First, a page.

You can add a middleware function to the processing chain with either app.use() or app.add(), depending on whether you want to apply the middleware to all responses or to responses with a particular HTTP verb (GET, POST, etc). You specify routes the same in both cases, though the route is optional when calling app.use().

The example below shows how you can add the middleware function using both methods, and with/without a route.

var express = require('express');
var app = express();

// An example middleware function
var a_middleware_function = function(req, res, next) {
  // ... perform some operations
  next(); // Call next() so Express will call the next middleware function in the chain.
}

// Function added with use() for all routes and verbs
app.use(a_middleware_function);

// Function added with use() for a specific route
app.use('/someroute', a_middleware_function);

// A middleware function added for a specific HTTP verb and route
app.get('/', a_middleware_function);

app.listen(3000);

JavaScript Tip: Above we declare the middleware function separately and then set it as the callback. In our previous route handler function we declared the callback function when it was used. In JavaScript, either approach is valid.

The Express documentation has a lot more excellent documentation about using and writing Express middleware.

Serving static files

You can use the express.static middleware to serve static files, including your images, CSS and JavaScript (static() is the only middleware function that is actually part of Express). For example, you would use the line below to serve images, CSS files, and JavaScript files from a directory named 'public' at the same level as where you call node:

app.use(express.static('public'));

Any files in the public directory are served by adding their filename (relative to the base "public" directory) to the base URL. So for example:

http://localhost:3000/images/dog.jpg
http://localhost:3000/css/style.css
http://localhost:3000/js/app.js
http://localhost:3000/about.html

You can call static() multiple times to serve multiple directories. If a file cannot be found by one middleware function then it will simply be passed on to the subsequent middleware (the order that middleware is called is based on your declaration order).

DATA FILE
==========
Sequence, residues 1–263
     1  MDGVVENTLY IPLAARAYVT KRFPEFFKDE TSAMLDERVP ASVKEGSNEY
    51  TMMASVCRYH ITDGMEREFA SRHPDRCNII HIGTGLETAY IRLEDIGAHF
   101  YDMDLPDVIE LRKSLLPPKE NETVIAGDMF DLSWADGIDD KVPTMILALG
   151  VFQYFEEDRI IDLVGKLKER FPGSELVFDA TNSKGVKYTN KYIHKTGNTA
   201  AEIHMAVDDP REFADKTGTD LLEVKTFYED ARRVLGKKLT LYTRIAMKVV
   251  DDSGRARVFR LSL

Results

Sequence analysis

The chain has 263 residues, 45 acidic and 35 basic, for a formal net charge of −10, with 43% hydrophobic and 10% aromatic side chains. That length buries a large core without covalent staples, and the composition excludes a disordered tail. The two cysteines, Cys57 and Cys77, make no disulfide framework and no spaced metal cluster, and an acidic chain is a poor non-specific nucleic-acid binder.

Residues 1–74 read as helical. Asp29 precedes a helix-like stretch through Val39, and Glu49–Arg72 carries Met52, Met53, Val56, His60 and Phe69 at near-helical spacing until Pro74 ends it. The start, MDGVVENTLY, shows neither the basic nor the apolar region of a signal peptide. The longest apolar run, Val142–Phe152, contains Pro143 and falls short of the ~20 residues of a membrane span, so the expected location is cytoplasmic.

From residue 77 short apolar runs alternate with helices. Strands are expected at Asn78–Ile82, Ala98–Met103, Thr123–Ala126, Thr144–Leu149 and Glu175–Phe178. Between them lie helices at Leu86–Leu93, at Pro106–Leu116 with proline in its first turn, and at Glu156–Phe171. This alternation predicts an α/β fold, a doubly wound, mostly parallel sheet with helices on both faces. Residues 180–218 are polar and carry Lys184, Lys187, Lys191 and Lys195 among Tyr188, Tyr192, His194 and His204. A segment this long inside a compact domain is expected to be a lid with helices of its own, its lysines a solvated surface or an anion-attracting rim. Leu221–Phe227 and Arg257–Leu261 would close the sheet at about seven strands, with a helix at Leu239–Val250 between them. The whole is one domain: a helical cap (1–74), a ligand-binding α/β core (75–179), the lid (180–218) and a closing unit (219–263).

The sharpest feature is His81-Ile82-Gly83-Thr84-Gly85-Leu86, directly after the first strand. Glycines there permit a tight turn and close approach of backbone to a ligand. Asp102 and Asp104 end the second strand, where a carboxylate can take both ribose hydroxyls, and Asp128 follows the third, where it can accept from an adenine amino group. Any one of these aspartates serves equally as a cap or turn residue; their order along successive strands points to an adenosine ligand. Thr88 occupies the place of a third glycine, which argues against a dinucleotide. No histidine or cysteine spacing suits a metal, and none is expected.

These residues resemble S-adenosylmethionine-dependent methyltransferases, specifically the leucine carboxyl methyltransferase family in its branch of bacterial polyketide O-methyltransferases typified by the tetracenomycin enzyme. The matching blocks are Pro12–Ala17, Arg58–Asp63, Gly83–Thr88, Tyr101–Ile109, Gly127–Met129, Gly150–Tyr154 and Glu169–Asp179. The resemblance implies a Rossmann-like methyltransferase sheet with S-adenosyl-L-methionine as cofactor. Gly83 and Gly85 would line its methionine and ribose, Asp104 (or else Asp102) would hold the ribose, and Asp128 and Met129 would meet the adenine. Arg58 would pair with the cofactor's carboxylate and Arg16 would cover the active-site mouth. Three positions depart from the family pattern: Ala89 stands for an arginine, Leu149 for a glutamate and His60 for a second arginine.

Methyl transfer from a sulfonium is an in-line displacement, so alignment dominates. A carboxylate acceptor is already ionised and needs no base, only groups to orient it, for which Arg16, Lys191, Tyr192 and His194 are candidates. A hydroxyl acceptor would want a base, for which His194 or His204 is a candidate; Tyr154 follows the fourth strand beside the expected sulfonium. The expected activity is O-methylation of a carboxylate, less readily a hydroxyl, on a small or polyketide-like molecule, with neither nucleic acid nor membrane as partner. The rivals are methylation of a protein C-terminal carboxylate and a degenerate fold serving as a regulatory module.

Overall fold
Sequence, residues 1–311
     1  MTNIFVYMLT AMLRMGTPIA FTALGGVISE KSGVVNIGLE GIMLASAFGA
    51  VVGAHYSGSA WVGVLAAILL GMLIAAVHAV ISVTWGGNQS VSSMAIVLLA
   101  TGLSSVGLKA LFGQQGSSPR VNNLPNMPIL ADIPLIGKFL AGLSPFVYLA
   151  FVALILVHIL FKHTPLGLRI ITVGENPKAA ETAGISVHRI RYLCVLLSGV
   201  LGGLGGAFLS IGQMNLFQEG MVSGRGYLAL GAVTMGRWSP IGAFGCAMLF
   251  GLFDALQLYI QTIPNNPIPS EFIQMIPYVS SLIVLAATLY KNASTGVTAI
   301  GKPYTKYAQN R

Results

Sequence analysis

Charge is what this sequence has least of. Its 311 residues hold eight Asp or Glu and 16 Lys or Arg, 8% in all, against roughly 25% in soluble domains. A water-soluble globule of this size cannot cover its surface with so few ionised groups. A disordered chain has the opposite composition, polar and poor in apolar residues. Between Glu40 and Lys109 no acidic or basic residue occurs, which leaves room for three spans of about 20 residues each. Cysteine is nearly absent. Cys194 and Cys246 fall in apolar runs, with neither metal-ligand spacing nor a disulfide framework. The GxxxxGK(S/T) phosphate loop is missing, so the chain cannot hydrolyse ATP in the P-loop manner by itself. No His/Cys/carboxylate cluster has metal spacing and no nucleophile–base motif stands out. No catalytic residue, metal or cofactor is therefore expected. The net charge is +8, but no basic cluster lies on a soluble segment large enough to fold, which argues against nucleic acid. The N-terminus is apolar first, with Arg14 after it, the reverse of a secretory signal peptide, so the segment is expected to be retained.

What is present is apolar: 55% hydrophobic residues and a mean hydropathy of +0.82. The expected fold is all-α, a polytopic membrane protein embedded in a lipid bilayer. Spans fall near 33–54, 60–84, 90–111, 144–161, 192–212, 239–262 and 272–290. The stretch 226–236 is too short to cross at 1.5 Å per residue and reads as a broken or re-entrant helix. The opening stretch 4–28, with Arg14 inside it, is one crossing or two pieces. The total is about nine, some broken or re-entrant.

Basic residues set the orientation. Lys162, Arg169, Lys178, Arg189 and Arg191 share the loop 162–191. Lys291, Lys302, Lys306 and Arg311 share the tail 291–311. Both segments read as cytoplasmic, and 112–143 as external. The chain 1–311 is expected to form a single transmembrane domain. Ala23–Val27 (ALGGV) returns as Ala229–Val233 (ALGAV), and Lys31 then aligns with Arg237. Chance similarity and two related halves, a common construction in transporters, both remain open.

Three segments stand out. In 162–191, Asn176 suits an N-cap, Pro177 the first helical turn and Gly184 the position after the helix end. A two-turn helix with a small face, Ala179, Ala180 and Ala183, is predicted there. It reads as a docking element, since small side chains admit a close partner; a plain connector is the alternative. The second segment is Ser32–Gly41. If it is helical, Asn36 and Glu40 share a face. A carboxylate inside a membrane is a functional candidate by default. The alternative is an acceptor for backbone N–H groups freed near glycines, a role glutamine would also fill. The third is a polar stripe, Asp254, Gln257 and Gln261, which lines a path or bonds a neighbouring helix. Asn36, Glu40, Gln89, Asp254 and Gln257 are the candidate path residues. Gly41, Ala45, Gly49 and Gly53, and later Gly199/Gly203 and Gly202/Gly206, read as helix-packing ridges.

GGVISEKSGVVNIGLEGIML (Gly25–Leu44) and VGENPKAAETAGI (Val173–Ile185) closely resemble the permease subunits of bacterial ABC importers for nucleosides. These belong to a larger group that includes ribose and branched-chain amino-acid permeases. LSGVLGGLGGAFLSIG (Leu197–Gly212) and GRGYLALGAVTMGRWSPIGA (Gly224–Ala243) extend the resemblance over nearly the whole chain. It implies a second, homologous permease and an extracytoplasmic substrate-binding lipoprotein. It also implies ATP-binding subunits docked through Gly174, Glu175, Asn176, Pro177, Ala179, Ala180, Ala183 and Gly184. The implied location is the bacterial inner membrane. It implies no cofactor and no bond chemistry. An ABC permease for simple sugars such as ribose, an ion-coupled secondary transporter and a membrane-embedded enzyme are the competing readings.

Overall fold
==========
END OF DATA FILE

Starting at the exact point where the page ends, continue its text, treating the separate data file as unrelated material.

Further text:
app.use(express.static('public'));
app.use(express.static('media'));

You can also create a virtual prefix for your static URLs, rather than having the files added to the base URL. For example, here we specify a mount path so that the files are loaded with the prefix "/media":

app.use('/media', express.static('public'));

Now, you can load the files that are in the public directory from the /media path prefix.

http://localhost:3000/media/images/dog.jpg
http://localhost:3000/media/video/cat.mp4
http://localhost:3000/media/cry.mp3

For more information, see Serving static files in Express.

Handling errors

Errors are handled by one or more special middleware functions that have four arguments, instead of the usual three: (err, req, res, next). For example:

app.use(function(err, req, res, next) {
  console.error(err.stack);
  res.status(500).send('Something broke!');
});

These can return any content required, but must be called after all other app.use() and routes calls so that they are the last middleware in the request handling process!

Express comes with a built-in error handler, which takes care of any remaining errors that might be encountered in the app. This default error-handling middleware function is added at the end of the middleware function stack. If you pass an error to next() and you do not handle it in an error handler, it will be handled by the built-in error handler; the error will be written to the client with the stack trace.

Note: The stack trace is not included in the production environment. To run it in production mode you need to set the the environment variable NODE_ENV to 'production'.

Note: HTTP404 and other "error" status codes are not treated as errors. If you want to handle these, you can add a middleware function to do so. For more information see the FAQ.

For more information see Error handling (Express docs).

Using databases

Express apps can use any database mechanism supported by Node (Express itself doesn't define any specific additional behaviour/requirements for database management). There are many options, including PostgreSQL, MySQL, Redis, SQLite, MongoDB, etc.

In order to use these you have to first install the database driver using NPM. For example, to install the driver for the popular NoSQL MongoDB you would use the command: